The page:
“We understand your pain. But we do not interfere in the lives of mortals. We have planted in him a will to lead; his time will come. Our work is done, and his must begin. All he needs to improve is within him,” Anthos hears Ares proclaim.
“It can’t be that simple,” his mother replies. “I came all this way for advice I’ve already been giving him?”
“Unfortunately, yes. You know his path forward, but he must see it as well,” Anthos hears Apollo say as they fade away.
And with that, the gods are gone. Anthos follows Autumnus down the mountain but stays well behind her.
Back in Dion, Anthos knows his mother is exhausted and inconsolable after her failed effort. She confessed to Ver and now stays in her bed for days.
“Why did she do this?” Anthos asks his father.
“She did this for you,” he replies quietly.
A wave of guilt washes over Anthos as his father questions his wife’s motives. Anthos stays quiet in the dark corner, watching them comfort each other before they fall asleep. Come morning, she didn’t wake, passing into the underworld. Anger rises within Anthos, filling him with rage as he decides to speak to the gods himself. And while Autumnus questions their wisdom, he seeks revenge. That night, while his father sleeps, he sets out for Olympus. Anger drives him, a strange, new emotion. The gods sense him coming and gather at the summit. Ares, Apollo, and Hephaestus tower over him, their colors glowing brightly.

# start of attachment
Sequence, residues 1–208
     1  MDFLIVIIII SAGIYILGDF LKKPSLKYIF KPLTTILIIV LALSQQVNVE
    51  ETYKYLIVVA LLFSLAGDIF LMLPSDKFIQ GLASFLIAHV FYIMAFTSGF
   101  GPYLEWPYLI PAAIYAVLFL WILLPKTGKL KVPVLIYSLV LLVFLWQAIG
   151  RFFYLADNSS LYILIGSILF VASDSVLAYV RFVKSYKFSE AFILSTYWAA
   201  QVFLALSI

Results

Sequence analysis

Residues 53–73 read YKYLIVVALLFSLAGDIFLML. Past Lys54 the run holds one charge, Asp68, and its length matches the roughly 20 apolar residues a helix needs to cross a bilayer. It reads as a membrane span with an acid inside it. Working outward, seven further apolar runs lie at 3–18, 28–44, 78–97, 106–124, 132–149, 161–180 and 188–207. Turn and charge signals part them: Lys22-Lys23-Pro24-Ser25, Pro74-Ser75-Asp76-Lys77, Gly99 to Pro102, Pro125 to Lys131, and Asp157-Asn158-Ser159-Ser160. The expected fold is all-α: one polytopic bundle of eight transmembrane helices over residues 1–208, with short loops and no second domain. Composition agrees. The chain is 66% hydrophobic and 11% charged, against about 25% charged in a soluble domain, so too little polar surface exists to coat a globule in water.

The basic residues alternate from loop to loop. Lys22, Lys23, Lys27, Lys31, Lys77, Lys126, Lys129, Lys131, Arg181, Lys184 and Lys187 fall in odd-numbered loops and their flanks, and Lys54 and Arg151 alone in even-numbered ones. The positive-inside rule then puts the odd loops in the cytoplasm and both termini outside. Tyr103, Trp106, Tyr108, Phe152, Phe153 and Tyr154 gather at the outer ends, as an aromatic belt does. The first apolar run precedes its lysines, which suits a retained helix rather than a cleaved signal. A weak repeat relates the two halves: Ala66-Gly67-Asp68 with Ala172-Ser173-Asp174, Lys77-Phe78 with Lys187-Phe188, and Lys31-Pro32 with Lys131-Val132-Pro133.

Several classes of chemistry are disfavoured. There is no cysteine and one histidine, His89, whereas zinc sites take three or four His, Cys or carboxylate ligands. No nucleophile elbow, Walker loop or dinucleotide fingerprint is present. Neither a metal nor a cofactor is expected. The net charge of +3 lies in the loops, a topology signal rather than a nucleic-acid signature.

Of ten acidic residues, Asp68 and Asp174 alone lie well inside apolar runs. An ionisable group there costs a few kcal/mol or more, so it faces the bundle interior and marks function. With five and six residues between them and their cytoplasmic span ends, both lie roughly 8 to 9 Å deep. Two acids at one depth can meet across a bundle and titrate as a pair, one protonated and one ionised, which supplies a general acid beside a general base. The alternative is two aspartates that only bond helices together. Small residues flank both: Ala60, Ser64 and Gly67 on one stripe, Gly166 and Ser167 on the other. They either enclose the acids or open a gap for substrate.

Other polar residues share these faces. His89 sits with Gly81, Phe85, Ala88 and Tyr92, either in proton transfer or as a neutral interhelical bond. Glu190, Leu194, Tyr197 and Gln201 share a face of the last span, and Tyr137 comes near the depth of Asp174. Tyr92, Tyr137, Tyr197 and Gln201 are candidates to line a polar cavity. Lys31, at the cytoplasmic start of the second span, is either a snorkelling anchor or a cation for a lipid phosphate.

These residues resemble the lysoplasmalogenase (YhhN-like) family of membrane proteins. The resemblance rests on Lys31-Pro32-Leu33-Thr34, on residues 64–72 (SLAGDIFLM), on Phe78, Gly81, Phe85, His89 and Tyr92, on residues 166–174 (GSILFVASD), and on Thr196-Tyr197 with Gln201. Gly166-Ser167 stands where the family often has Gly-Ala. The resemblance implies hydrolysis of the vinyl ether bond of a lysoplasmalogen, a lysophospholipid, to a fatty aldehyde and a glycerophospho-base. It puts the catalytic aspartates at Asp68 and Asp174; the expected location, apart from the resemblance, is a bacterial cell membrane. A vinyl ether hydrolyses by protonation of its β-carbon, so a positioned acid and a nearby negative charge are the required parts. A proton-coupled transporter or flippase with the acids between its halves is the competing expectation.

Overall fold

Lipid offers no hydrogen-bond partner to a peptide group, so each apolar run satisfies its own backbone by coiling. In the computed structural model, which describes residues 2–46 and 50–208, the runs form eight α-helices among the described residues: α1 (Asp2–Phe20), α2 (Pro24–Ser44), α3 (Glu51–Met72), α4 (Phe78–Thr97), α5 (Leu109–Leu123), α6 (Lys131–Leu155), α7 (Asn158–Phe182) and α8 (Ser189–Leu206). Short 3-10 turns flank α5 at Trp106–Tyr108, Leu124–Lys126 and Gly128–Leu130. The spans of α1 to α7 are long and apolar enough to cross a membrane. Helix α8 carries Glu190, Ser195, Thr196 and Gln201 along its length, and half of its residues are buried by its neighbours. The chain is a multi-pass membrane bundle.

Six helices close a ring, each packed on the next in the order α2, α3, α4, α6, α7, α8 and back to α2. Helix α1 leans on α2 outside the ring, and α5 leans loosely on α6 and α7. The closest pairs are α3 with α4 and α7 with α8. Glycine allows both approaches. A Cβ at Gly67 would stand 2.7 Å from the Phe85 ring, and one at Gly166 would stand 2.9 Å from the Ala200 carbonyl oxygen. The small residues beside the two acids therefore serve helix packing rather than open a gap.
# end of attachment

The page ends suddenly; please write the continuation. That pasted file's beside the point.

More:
“What brings you here again, Anthos?” Apollo asks.
“To seek revenge for my mother’s death! She prayed every day for me!” Anthos says, his voice trailing off. “You’ve killed her.”
Surprised at his own reply, he cowers. He knows they didn’t kill Autumnus, but he has no one else to blame. The gods look at him with anger and pity, eyeing a knife sheathed at his side. And while they are incensed, they respect his loyalty to the family.
“Can you bring her back?” he cries out.
“Hades has her now and decides her fate,” Ares says.
Apollos adds, “Anthos, while we can’t bring Autumnus back, we can change your world to remind you of her. Give me your mother’s sash of color.”